While the holidays might be a time when we feel our eating habits slide, you can still be healthy and not have to eat perfectly!
As seen in Metro Style, November 25, 2022
The busy holiday time can be both the best and busiest time of year. Whether it’s stressful and sleep-depriving, restful and restorative, or a mix of both, you probably don’t want to spend it sick and in bed! When your to-do list gets a little busier and social events pile up, your body might be exposed to more stressors which can weaken the immune system. Alcohol, smoking, mental stress, and a lack of sleep and exercise are big ones that can increase cortisol, which can prevent your body from producing white blood cells needed to fight infections. Long term exposure to chronic stressors can also lead to inflammation, which means your immune system is always activated and can get overworked. But do you know that 70 to 80 percent of your immune cells are actually in your gut? We are learning that the bacteria in your gut play a crucial role in immunity, and that you can actually eat your way to better protection from infections. I see food as a powerful tool to hack your body and help you do everything you want to do.
And while the holidays might be a time when we feel our eating habits slide, you can still be healthy and not have to eat perfectly. Try adding in these foods where you can, and focus on the meals you can control. Nutrition is not all-or-nothing, and the veggies you ate for dinner aren't canceled out if you had cake for dessert. And most of all, don’t stress about eating “unhealthy” foods, and do allow yourself to enjoy your favorites, because that’s part of health too!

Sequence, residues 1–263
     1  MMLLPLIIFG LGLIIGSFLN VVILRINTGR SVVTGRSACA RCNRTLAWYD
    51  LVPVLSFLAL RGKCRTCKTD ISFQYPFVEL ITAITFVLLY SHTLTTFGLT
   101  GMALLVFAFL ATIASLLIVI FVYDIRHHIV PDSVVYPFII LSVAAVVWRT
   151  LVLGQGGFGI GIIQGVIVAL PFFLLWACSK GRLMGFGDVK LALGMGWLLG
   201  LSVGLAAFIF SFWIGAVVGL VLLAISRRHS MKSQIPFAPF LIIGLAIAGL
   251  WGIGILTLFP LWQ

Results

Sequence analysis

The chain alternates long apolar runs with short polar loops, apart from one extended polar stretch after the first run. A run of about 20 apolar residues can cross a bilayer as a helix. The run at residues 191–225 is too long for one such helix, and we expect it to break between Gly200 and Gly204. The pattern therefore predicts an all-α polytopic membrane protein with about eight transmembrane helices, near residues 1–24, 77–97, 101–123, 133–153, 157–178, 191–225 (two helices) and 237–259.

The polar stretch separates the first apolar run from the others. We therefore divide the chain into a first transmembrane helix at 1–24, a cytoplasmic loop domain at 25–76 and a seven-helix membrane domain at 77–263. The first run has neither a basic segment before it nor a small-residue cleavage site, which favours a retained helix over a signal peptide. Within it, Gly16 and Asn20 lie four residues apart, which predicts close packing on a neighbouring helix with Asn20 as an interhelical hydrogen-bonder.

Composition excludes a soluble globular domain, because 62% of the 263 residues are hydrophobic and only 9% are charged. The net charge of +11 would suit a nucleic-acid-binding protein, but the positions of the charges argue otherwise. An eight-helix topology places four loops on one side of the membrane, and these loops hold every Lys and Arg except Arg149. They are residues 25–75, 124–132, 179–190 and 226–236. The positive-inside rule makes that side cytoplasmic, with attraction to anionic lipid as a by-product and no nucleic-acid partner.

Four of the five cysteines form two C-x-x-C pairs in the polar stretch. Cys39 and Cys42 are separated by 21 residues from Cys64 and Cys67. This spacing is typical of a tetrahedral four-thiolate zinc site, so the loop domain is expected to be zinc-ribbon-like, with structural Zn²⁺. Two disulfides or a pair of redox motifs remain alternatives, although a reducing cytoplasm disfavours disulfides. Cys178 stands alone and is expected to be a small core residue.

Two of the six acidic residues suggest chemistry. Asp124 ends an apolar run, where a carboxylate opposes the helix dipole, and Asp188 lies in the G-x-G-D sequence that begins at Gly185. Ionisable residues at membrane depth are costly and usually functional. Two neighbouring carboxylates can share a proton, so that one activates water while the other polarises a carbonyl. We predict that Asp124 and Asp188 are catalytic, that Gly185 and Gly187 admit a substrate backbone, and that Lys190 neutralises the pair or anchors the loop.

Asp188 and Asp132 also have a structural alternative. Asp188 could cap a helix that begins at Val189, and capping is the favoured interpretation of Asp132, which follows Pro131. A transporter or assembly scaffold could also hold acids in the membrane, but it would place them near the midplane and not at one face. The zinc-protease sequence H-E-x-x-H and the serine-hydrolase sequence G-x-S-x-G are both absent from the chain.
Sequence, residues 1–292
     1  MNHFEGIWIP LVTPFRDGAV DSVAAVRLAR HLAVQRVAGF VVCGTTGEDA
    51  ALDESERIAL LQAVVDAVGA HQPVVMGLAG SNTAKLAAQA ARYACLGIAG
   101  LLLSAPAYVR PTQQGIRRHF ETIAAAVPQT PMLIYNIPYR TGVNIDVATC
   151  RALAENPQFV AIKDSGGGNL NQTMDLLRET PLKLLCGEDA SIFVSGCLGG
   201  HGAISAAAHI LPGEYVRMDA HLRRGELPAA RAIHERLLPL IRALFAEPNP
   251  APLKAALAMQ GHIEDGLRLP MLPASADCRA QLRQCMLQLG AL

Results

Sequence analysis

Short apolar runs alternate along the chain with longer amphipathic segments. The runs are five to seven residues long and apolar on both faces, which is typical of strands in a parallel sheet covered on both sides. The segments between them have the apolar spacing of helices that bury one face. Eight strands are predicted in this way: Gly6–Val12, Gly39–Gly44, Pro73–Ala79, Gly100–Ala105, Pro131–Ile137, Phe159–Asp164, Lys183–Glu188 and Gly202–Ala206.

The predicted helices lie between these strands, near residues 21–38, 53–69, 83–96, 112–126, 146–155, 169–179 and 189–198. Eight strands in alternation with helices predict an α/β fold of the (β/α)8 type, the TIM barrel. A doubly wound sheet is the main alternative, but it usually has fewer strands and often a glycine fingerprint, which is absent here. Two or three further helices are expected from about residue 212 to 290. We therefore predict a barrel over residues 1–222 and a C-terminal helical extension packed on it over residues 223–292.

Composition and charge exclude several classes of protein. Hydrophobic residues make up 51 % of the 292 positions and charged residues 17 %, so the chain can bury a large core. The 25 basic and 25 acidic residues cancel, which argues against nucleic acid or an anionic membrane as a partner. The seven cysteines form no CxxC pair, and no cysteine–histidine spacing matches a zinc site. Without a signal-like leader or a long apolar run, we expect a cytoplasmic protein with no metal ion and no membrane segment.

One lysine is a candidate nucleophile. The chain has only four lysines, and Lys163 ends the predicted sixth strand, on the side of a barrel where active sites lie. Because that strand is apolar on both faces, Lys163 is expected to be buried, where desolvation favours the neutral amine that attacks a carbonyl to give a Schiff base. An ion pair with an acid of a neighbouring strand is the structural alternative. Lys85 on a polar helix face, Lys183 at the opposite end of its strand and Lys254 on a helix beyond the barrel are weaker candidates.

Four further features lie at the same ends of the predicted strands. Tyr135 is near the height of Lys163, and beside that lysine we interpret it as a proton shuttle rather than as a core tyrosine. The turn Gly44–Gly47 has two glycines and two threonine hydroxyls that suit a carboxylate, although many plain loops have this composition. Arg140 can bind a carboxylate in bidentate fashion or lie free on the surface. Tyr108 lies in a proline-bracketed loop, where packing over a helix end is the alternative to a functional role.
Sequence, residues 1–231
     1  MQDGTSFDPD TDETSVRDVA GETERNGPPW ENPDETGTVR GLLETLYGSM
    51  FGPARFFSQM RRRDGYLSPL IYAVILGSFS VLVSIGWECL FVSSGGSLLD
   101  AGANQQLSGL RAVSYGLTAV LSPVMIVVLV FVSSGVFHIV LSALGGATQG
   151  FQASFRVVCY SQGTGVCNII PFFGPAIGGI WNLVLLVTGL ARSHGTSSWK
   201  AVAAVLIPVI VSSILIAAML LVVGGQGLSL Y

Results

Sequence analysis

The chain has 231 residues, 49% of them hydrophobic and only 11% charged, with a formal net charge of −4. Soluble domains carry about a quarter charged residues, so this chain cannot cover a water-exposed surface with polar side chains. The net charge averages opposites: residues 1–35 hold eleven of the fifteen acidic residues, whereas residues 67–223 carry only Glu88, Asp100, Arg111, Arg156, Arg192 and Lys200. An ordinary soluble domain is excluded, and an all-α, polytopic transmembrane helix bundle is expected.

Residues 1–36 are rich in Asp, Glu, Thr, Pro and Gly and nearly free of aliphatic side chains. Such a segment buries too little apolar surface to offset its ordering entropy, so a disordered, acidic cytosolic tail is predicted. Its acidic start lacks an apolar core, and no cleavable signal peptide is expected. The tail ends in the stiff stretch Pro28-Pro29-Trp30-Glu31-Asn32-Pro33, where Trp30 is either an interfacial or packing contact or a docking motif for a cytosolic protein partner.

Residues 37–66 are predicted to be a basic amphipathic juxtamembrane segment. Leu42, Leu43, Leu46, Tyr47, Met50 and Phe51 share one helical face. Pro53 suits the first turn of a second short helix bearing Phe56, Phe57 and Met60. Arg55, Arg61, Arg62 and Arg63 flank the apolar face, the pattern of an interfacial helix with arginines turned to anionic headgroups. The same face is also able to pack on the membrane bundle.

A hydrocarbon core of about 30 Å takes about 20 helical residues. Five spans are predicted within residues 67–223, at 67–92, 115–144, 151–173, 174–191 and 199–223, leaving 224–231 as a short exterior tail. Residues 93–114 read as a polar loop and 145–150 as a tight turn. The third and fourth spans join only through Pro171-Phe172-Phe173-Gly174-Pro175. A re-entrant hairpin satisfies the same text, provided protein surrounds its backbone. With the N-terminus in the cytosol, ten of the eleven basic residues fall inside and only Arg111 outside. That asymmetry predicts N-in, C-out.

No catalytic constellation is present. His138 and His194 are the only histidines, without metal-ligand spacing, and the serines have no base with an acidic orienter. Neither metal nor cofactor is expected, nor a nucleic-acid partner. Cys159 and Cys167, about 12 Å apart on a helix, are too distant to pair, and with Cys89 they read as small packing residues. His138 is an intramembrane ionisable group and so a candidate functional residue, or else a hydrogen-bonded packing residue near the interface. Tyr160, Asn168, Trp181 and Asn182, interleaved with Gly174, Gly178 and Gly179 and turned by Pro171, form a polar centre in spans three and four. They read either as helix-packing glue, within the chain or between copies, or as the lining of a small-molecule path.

Nutrients and foods to include Vitamin C - This is probably the first vitamin you think of for cold prevention. But it turns out there’s no solid research showing high dose supplements can actually prevent you from getting sick, although they might help you recover faster. Vitamin C does support our white blood cells which fight off illnesses, but it seems like food sources are more effective, likely thanks to other plant chemicals. So instead of relying on a pill, include more citrus fruits, fresh or frozen berries, and tropical fruits like papaya, mango, pineapple, and kiwi in desserts, or as a part of a nourishing breakfast or snack. Zinc - This mineral has gotten increasingly popular over the last two years for its role in immune health. Studies show zinc can also help to shorten the duration of respiratory infections, reduce oxidative stress which can lead to inflammation, and even reduce symptoms of anxiety and depression for some people. The best sources of zinc are protein sources like beef, pork, chicken, crab, and plant proteins like tofu, chickpeas, lentils, pumpkin seeds, so add these to your plate throughout the day. Oysters are also very high in zinc, but choose a reputable source.